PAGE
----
Families come in all different shapes, sizes, and lifestyles, which is what makes becoming part of someone else's family exciting — and also challenging. And when it comes to a wedding, the thing that will bring your families together, it can get even more complicated, because money is involved. You want everyone to be comfortable and excited, but that can be hard when expectations and resources don't quite line up. We asked our experts for advice on how to find a middle ground.
Before you plan a single thing, it's important to get everything out on the table. Who will be contributing to the wedding? Who is setting the budget? What are both families willing and able to provide, whether it follows tradition or mixes it up? "Having a candid talk in advance, with your future husband and then each with your respective families, will start things off more smoothly," says Diane Gottsman, owner of The Protocol School of Texas. Make sure to talk to one another about how to best handle the situation, as well. Each family has their own quirks about discussing things like money, so be respectful and keep the conversations as comfortable as you can. "Don't be afraid to ask each family member what they are comfortable contributing. It may match what you'd expected, or you might be surprised to find that those with more money are wanting to spend less than you'd thought," Gottsman adds.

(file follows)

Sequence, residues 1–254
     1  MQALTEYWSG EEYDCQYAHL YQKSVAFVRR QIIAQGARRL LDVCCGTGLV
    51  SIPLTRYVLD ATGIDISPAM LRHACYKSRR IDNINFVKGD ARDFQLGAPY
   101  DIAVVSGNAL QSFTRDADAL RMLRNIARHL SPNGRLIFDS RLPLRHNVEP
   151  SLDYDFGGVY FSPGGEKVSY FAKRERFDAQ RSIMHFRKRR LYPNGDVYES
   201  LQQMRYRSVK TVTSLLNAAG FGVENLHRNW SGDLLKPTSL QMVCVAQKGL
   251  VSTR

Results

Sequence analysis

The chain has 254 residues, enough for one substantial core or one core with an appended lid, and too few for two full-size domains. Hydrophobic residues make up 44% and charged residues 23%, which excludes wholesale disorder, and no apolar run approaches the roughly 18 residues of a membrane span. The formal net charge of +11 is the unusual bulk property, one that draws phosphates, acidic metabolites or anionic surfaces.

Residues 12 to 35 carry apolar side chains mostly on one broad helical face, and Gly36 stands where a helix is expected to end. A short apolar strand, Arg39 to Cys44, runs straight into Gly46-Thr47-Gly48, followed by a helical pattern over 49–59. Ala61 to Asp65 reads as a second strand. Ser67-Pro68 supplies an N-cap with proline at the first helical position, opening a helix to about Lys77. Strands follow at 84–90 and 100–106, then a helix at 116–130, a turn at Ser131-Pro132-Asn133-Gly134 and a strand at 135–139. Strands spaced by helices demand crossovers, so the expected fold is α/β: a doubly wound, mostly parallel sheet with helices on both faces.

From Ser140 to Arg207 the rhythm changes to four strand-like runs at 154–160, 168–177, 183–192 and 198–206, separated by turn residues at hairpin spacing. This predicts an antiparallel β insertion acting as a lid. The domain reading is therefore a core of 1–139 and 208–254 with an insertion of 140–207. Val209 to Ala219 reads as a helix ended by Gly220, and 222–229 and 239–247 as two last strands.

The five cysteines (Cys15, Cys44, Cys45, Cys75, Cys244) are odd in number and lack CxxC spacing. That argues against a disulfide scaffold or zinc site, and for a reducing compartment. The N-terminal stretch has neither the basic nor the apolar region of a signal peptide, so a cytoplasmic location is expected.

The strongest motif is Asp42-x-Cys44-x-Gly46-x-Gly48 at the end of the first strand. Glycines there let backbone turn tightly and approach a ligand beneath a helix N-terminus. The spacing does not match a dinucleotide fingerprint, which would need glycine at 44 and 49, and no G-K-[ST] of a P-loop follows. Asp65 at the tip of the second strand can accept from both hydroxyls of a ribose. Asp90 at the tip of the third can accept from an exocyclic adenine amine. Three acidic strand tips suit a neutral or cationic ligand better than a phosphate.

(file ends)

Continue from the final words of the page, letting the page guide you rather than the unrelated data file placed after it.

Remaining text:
When it comes to the planning of the event itself, be respectful of both families' expectations. Get a sense of whether a black-tie bash is what everyone was anticipating, or whether one group or another might feel out of place. You might need to tighten the guest list to help stretch your budget to cover something fancier, or you could focus instead on creating a more casual, relaxed event that's still sophisticated and well-curated. Whatever you do, be sensitive to your budget and stick to it. "Make decisions that won't put either family — or yourselves! — into debt," says Gottsman.